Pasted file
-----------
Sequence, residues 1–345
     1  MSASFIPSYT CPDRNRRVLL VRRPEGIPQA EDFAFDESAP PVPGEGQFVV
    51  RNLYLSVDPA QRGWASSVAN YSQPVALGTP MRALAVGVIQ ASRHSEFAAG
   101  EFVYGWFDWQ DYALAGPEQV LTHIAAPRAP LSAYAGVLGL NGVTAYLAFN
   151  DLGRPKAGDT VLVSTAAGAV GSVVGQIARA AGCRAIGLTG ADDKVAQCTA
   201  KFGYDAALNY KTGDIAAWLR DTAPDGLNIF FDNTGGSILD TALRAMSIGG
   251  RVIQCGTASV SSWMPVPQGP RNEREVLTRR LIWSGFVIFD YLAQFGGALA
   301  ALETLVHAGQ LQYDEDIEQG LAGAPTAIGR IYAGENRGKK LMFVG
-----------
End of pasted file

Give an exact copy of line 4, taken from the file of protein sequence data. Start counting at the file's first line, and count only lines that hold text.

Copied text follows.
   101  EFVYGWFDWQ DYALAGPEQV LTHIAAPRAP LSAYAGVLGL NGVTAYLAFN